The company is able to use its volumes, its economies of scale and its negotiation position to define the terms of service. This extends to the types of supply agreements that are signed, the delivery terms on incoming shipments and the payment terms on receivables. Ultimately, companies that run JIT do so because they can; vendors consider these companies their most important customers.

2. Linear Demand Distribution

Second, it’s fair to assume that companies that run JIT have a market and customer base with continual demand for products. If one were to define the demand curve, it would be linear and consistent monthly, quarterly and yearly. This consistent demand for products means the company is able to match its incoming shipments from vendors to its outgoing shipments to customers within days of one another. They can quickly increase production based on high demand and reduce production in response to low demand.

3. Fixed Product Line

Third, the companies that are most successful with JIT are ones that tend to stick to a smaller product line and or list of products. In this case, they make the same product every day. They limit their offering to their market in order to make sure they constantly manufacture from a fixed set of materials or fixed bill of materials. Manufacturing high-volumes of standard finished goods means the company can better manage its inventory, its vendors’ shipments and its own receivables.

4. Minimal Vendor Lead Times

Fourth, a number of these vendors are situated within hours of the company’s facility. In fact, in a number of instances, the vendors will open up warehousing and distribution locations just to service their biggest customer. In this case, the company running JIT has the flexibility to insist that its vendors minimise transit times on delivery. Ultimately, whatever it takes to reduce delivery times is what the vendor will most likely do. It’s a big carrot to dangle and the companies that successfully run JIT know exactly how to keep their vendors hungry.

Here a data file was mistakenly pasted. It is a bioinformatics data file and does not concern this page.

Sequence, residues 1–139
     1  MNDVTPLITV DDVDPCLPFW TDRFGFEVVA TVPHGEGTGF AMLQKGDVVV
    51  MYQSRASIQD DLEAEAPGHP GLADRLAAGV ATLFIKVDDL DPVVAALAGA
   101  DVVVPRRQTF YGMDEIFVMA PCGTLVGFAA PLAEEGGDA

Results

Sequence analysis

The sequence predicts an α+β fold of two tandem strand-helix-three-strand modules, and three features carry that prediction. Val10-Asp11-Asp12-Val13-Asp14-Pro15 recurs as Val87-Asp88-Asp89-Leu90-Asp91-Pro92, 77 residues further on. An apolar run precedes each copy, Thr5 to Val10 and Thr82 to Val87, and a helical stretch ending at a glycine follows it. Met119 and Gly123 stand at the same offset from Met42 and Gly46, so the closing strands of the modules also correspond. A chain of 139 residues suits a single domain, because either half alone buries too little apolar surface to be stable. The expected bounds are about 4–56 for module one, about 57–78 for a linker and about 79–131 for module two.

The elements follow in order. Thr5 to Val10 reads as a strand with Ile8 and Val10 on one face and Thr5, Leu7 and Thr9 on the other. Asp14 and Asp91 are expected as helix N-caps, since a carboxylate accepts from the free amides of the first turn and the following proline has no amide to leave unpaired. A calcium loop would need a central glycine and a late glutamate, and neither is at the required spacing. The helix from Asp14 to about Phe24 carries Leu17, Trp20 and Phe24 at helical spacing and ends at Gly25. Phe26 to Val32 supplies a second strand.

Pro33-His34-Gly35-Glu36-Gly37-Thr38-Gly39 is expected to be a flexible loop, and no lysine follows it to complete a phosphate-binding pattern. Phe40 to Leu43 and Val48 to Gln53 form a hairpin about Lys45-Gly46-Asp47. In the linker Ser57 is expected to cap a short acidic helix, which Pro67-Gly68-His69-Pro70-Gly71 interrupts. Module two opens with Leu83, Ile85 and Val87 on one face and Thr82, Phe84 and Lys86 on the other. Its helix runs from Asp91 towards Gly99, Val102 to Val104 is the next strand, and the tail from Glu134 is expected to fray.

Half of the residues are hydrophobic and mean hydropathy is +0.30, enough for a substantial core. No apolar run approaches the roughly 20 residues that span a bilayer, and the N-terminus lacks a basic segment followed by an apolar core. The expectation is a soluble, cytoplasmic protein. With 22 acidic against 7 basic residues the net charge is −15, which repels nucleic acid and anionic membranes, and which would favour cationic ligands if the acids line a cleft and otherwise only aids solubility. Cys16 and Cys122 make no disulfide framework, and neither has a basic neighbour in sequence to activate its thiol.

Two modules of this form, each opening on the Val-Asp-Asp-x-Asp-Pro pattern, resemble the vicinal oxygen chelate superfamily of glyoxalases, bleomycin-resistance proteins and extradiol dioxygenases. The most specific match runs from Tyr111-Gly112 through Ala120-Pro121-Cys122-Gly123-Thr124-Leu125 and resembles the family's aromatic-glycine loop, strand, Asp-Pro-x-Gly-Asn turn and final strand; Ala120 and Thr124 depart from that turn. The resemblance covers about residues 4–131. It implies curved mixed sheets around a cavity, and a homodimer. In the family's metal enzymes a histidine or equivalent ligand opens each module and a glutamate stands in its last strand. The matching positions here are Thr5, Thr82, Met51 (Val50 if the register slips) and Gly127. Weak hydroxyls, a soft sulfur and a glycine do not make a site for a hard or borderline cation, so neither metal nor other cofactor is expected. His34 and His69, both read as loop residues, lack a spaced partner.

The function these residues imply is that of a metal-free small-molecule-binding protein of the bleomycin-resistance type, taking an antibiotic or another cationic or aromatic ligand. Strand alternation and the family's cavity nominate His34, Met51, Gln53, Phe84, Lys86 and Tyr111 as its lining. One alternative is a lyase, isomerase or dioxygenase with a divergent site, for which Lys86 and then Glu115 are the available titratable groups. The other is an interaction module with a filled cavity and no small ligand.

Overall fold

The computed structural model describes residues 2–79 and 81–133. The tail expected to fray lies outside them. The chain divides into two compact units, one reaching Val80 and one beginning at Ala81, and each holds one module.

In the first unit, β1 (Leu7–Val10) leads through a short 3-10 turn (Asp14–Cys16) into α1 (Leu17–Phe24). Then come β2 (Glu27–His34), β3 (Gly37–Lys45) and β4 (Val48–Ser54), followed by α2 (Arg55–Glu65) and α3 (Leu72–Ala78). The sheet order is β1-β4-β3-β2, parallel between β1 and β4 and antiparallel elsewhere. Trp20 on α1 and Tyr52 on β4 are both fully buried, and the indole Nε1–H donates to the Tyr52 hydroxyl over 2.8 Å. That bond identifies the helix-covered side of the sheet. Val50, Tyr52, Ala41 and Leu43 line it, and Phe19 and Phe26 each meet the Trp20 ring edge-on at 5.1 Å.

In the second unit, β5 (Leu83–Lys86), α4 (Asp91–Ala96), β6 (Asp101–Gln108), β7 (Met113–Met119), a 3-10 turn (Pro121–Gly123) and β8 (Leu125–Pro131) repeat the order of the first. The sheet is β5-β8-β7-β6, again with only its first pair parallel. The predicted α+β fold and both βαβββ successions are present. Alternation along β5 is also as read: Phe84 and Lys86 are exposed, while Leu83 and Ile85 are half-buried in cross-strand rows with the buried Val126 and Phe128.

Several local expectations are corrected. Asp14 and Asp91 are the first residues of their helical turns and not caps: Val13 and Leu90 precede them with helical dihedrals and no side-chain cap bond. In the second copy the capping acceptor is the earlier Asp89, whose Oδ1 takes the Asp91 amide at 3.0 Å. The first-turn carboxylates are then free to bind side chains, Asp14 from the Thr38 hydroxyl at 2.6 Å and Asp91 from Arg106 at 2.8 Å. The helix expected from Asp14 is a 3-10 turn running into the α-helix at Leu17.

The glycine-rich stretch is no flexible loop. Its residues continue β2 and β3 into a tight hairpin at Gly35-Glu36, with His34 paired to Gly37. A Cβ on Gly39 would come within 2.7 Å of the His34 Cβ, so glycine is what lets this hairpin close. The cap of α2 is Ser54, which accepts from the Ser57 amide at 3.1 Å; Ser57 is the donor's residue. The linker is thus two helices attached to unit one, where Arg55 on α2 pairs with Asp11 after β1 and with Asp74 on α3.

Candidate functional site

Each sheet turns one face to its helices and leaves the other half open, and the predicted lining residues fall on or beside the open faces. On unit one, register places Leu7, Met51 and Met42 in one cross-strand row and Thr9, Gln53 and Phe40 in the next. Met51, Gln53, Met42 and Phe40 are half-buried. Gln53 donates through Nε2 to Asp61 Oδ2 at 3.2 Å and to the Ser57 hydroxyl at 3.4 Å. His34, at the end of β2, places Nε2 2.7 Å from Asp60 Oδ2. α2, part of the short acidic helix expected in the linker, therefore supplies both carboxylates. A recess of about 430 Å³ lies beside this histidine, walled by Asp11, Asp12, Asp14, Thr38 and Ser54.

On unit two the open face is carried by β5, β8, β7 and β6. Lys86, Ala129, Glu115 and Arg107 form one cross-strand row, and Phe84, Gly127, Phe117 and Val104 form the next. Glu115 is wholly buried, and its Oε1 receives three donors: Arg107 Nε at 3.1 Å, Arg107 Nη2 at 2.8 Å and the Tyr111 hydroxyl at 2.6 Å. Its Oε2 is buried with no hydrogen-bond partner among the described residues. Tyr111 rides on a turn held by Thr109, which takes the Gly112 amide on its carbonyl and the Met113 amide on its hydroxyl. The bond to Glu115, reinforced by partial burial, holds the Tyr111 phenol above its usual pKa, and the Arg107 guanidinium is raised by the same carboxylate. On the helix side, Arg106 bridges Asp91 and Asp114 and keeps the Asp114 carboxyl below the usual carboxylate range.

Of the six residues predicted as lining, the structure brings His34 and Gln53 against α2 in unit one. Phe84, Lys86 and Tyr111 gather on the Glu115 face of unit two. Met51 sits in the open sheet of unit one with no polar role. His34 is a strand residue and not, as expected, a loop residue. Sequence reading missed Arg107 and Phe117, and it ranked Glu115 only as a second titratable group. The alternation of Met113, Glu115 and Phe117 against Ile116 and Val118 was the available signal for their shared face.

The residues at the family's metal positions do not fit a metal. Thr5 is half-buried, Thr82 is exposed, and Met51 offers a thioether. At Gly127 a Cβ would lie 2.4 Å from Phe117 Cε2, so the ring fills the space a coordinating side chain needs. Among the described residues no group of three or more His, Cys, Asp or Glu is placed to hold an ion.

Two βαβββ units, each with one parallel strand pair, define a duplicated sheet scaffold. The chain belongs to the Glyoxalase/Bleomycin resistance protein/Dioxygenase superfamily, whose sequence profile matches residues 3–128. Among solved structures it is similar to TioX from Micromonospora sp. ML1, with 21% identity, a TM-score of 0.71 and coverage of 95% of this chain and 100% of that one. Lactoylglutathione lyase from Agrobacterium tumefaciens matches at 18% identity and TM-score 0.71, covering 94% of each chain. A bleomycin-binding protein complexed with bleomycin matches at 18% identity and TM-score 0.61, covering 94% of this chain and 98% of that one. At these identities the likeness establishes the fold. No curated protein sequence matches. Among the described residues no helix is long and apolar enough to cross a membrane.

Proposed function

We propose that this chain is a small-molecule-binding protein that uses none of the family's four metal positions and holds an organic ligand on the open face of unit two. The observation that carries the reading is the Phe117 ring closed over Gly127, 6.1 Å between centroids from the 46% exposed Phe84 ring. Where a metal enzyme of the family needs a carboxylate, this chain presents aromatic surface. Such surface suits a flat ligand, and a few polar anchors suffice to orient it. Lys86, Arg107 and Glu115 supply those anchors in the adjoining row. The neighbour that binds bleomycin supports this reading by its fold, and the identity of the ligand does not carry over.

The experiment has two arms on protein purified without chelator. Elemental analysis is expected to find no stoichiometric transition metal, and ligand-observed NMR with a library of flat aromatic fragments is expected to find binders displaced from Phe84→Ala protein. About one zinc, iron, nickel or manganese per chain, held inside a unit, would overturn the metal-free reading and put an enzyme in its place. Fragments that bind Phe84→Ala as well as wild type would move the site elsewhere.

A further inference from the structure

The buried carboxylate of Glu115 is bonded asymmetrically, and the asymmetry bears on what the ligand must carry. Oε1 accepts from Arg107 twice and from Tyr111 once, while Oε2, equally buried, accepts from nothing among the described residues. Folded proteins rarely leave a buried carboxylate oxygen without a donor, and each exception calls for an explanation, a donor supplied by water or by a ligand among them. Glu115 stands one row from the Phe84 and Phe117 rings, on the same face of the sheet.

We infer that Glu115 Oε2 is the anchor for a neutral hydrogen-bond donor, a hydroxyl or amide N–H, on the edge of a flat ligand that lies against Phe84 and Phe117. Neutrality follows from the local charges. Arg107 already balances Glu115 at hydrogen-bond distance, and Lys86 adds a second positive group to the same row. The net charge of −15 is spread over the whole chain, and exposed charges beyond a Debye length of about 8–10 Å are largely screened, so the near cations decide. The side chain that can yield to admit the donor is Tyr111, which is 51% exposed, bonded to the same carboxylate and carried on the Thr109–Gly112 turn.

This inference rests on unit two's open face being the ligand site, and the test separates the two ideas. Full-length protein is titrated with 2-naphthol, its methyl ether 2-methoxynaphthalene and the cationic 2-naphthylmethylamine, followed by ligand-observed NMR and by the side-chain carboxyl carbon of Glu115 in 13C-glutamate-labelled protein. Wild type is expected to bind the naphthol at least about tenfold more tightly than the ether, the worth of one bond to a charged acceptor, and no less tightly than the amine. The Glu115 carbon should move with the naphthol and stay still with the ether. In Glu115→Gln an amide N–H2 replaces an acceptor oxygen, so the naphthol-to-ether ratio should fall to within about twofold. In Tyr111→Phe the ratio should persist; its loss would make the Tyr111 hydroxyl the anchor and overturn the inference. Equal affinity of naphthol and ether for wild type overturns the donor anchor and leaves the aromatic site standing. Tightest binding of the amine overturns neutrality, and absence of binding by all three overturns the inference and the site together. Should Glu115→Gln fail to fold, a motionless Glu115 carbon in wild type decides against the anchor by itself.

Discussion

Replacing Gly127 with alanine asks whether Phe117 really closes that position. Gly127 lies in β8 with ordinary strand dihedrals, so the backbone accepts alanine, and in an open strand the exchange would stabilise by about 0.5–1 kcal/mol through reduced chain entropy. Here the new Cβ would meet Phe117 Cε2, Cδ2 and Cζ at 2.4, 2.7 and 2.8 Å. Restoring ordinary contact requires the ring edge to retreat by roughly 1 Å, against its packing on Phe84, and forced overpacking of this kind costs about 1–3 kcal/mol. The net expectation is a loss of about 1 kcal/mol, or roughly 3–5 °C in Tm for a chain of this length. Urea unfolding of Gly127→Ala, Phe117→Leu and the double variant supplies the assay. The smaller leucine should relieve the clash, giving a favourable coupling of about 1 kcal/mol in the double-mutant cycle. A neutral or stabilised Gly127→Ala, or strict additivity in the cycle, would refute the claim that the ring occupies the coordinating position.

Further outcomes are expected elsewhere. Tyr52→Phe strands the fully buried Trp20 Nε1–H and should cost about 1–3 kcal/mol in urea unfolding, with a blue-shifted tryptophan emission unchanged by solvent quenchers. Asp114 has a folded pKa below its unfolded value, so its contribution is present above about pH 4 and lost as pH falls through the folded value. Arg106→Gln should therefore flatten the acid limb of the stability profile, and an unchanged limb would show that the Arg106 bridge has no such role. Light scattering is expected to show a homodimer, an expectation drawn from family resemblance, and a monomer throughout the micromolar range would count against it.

5. Operational Efficiency

Finally, JIT demands the most of the company’s internal processes. Inventory stock outs and delays are incredibly costly and entirely unacceptable. The company’s focus is on managing time-critical shipments and ensuring that no delays occur. To be successful means the company has reached the pinnacle of operational efficiency. This isn’t a strategy a company can run with vendors in other countries and with an internal process driven by excel spreadsheets. It’s all about efficiency and the ability to respond immediately.

So, what are some of the characteristics of companies that try to run JIT but can’t do it successfully? Well, they tend to be companies that become enamored with the benefits without taking the time to understand whether they, their market, or their customers, will work with JIT.

Ultimately, companies that fail with JIT tend to be companies that sell finished goods to customers with periodic demand. These companies aren’t a dominant market player, don’t have a fixed product offering, and most importantly, don’t have the clout to negotiate favorable terms on contracts. In addition, their vendors aren’t always close enough to minimise transit times and they often miscalculate the high costs encountered by inventory stock outs. In the end, it best to run a strategy your company and your customers can count on. If JIT is that strategy, then it may just produce the kind of returns your company is looking for.nstead on amalgamating your costs when customers suddenly start calling and you’ve nothing to sell them.